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Customer reviews

4.3 out of 5 stars
Infinity: Beyond the Beyond the Beyond
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on May 25, 2013
I first read this book 5 years ago, but now I have just have been reading it once again, and I again find the book to be fine by its easy understandable text, and the many drawings, by which trying to show geometrical and speculatively how to look, and think, about the Infinitive. And thereby being helpful especially to persons who during self-study are trying to learn about the mathematical behind the Infinity which Cantor proved, and how Cantor probably was speculating when he came to these ideas and conclusions.

But if it come to having more reading about the Infinity with even les mathematic (But personally I like heavy mathematic and formulas), then I will recommend these books: Amir D. Aczel: "The Mystery of the Aleph, Mathematics, the Kabbalah, and the Search for Infinity", and Eli Maor: "To Infinity and Beyond, A Cultural History of the Infinity". But if interested in much mathematic and geometry (much parallel to how we are watching it used in fractals) then we for example have a 152 sides, A5, book, written by Leo Zippin: "Uses of Infinity", first printed in 1962, and mine, from Dover, in 2000.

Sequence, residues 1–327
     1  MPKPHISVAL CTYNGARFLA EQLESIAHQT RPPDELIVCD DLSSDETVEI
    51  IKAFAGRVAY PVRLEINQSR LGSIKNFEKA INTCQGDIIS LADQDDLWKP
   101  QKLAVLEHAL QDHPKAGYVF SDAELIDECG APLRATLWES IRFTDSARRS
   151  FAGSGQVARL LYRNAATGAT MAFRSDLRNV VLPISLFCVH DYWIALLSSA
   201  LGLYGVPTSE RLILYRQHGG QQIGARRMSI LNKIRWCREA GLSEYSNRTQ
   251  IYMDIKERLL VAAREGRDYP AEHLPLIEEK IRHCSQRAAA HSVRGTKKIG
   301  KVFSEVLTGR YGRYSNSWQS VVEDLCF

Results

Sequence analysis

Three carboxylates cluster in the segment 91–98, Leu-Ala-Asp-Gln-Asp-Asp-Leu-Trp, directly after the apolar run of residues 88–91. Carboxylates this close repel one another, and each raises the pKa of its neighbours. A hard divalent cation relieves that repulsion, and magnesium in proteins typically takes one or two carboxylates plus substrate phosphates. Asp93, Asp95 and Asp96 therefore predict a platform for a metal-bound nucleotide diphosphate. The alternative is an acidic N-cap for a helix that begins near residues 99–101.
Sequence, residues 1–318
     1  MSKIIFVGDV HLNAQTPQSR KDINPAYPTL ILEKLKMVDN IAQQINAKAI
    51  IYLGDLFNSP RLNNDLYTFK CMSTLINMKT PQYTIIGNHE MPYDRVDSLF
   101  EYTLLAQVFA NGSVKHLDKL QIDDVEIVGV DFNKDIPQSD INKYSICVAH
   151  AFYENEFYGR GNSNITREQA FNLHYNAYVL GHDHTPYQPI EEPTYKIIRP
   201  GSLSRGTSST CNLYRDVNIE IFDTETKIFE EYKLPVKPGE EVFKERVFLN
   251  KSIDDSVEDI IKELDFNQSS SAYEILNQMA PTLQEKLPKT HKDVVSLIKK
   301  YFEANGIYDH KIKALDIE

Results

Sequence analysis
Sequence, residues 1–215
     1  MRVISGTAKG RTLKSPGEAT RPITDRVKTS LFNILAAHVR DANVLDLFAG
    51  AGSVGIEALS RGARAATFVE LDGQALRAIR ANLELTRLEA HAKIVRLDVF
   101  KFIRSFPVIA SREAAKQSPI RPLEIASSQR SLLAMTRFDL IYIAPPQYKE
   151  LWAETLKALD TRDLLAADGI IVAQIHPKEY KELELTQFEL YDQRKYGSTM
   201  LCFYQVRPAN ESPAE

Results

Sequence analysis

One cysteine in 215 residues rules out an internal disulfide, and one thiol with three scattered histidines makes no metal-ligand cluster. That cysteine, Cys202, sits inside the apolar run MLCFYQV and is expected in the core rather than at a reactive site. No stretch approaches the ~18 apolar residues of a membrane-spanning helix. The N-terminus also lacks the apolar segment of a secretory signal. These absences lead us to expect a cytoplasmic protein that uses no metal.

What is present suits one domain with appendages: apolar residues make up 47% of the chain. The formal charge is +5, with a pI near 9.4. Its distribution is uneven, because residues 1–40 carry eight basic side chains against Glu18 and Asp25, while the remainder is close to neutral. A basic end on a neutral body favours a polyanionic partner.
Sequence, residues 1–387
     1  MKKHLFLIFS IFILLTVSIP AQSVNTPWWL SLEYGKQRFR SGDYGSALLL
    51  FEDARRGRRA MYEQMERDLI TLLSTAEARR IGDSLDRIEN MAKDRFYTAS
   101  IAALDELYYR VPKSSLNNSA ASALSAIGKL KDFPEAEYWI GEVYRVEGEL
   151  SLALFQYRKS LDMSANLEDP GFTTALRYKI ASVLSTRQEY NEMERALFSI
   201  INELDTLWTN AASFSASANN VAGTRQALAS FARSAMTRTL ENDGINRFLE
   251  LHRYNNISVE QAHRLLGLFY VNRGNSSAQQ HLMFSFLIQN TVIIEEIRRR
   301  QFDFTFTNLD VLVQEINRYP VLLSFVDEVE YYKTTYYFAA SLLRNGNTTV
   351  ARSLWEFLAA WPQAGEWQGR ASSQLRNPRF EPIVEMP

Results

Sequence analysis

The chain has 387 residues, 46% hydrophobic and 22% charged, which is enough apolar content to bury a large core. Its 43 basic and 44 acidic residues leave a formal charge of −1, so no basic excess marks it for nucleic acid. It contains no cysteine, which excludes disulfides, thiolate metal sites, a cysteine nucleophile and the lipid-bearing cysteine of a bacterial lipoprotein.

But now a day we in many books are reading about the Infinity, especially since we around 90 years ago started reading, thinking, and speculating about the Infinity of parallel Universes.
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on August 24, 2008
Nobody explains mathematical ideas for the layman as does Lillian R. Lieber. And the fanciful illustrations that always accompany her work, done by Hugh Gray Lieber, are amusing and informative.